Designers at Milan Fashion Week Balanced Wearability with Artistry
And everything else you need to know.
It’s safe to say this Milan Fashion Week all eyes were on the Prada show. One of fashion’s favorites, Raf Simons, formerly of Dior and Calvin Klein, joined the esteemed Miuccia Prada as co-creative director of Prada back in April, which meant this spring ’21 collection would be their first project together. The industry eagerly anticipated what a collaboration between the two beloved designers with different yet oddly complementary bodies of work could achieve. The result? A collection that featured pared-down silhouettes—printed sets of trousers and tanks emblazoned with the iconic triangular logo, full ’50s-style skirts with sweaters layered over turtlenecks, and, of course, relaxed outerwear worn in Simon’s favorite haphazardly clutched fashion. “A piece of clothing serves the role of making you live better. It is not an abstract job,” said Prada in the interview they piggybacked onto the show.
Others took a less practical approach. At Moschino, designer Jeremy Scott sent actual marionettes down the runway clad in looks rendered in tulle, brocade, and satin as little marionette editors watched from the front row—Hamish Bowles, Anna Wintour, and Vanessa Friedman all made an appearance. “The best thing I could do for everyone who is stressed about the election, the pandemic, social unrest, and the future was to give the gift of fantasy and take us away from all of it for a few minutes; let us enjoy this little fashion world of ours,” Scott told Vogue.com.
MFW also had a toss-up between designers hosting in-person runway shows versus opting for virtual presentations, similar to that of London. And while a few designers were missing from the archetypal Milanese calendar (Gucci, Jil Sander, Missoni), Paris heavyweight Valentino chose to show in Italy instead for the safety of the team.
In the case of Valentino, it was exciting to watch Pierpaolo Pacciaoli reinterpret his thoughts into a more wearable collection. (Side note: We highly recommend checking out the oversize riff on their classic rock stud accessories.)
Between signature minimalism at Max Mara, a reinterpreted WFH uniform at Tod’s, and sophisticated sheer confections at Fendi, here’s what we’re seeing this season.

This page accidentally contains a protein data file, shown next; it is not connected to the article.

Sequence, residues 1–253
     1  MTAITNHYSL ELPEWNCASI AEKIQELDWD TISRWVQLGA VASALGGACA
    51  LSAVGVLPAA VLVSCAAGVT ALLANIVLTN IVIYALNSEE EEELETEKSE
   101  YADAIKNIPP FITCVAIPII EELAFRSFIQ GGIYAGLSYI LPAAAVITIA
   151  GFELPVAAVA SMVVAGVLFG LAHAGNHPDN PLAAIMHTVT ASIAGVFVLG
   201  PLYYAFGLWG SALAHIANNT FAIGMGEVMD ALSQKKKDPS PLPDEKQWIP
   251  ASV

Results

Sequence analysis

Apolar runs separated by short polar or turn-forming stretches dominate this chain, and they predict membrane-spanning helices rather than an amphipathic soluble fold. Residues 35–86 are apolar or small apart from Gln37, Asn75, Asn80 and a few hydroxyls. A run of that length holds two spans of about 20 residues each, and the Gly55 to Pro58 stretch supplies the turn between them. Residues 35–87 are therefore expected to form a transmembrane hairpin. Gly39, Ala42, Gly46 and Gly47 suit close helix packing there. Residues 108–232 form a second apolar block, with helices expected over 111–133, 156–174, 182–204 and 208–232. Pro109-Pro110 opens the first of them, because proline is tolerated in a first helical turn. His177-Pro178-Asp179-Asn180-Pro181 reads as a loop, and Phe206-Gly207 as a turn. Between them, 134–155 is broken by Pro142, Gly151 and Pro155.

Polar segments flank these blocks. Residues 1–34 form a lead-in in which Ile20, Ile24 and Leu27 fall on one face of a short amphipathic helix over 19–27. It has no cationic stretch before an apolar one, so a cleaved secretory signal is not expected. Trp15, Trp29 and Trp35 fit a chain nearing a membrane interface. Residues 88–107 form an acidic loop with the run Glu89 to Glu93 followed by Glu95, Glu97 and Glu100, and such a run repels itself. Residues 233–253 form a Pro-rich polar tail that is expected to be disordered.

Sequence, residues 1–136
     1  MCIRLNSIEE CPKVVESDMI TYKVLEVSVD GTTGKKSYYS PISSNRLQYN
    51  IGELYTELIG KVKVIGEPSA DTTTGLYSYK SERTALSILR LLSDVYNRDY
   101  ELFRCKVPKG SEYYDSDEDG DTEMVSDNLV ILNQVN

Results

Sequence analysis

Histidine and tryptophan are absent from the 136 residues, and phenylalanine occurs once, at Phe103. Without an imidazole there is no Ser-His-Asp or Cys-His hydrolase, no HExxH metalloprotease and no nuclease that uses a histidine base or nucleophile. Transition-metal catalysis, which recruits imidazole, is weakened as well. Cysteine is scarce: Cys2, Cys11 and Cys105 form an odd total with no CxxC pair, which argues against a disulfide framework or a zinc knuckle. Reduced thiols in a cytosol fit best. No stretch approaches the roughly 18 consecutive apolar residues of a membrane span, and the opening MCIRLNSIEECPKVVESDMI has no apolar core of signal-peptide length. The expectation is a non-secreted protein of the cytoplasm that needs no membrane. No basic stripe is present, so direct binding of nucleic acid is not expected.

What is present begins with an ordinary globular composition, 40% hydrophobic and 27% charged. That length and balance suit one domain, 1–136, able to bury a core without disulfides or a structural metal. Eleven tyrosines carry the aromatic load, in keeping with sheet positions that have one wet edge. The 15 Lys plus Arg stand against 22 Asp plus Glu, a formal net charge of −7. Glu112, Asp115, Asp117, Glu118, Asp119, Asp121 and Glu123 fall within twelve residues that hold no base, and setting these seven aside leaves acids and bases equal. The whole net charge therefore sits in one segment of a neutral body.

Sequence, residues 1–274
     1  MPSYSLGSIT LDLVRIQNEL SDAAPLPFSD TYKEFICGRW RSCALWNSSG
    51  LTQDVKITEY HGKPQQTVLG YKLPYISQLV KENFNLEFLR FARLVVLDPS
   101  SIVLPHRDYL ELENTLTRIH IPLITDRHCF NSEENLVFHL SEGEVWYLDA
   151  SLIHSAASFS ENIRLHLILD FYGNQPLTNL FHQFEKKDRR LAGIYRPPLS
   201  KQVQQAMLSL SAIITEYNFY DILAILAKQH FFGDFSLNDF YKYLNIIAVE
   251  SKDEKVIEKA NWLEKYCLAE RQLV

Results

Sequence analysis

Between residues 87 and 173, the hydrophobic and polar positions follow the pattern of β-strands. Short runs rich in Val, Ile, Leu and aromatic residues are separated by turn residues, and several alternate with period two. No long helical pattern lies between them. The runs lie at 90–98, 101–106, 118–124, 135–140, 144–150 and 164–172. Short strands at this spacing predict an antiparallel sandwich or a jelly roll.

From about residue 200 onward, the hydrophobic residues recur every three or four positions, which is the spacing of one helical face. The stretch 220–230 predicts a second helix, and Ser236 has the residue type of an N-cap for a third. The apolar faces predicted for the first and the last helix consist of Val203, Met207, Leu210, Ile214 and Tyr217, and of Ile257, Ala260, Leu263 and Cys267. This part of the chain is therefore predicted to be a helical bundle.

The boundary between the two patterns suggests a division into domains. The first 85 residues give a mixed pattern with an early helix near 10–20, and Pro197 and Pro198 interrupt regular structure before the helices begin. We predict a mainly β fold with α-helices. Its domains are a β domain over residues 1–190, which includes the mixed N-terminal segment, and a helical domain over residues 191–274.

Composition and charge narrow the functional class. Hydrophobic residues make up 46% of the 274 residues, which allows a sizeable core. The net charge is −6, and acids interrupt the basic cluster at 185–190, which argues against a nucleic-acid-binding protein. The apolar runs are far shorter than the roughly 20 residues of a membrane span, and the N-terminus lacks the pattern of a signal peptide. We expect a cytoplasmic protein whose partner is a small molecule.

A step above your typical stripes and dots, the prints we saw this season were out of this world. At Fendi, scenes of nature emblazoned sheer kaftans; at Ports 1961, silhouettes bloomed out of simplistic line drawings; and at MM6 Maison Margiela, polka dots took on a new graphic identity.
If a suit and a dress or jumpsuit had a super-fashionable love child, it would be a matching set—and we can’t get enough of them. At Ferragamo, we went mad for head-to-toe plaid, while polka dots on streamlined silhouettes captured our hearts at Prada.
A staple that fluctuates in and out of popularity, lace got a fresh makeover for spring. The current rendition is not the tired, ladies-who-lunch lace, but instead cut, perhaps by laser, in a looser pattern in supermodern silhouettes to give it an extra edge.
The Layering Staple Tank Top
We can wax poetic about a classic tank forever, and it seems designers are on the same page. From Ferragamo to Tod’s, the slinky style was balanced out, simply paired with pants and skirts of looser fits, while at Philosophy di Lorenzo Serafini, we learned new ways to layer the staple style.
While some collections showed fantasy-inducing fashion dreams, others offered more practical garments that could actually be worn during our homebound lifestyles (i.e., the cropped knit). If you’re super bold, pair yours with hot pants like they did at Sportmax; otherwise we suggest opting for skirts or pants à la Etro and Versace.
Emphasis on Shirting
Never underestimate the value of a good button-down. This is one of those versatile pieces that works everywhere, a feat not lost on designers. Instagram was a flurry over Valentino’s pink taffeta shirt shown over leather shorts and ballet flats. We also saw similar shirt styles at both Etro and Dolce & Gabbana.
The At-Home Gown
While this season lacked otherworldly gowns wrought with boning, full skirts, and heavy fabrics, designers showed us how we can still dress up by creating flowing, almost kaftan-like dresses. These boudoir-reminiscent frocks were often rendered in sheer fabrics and are exactly what we want to be lounging around in come spring.
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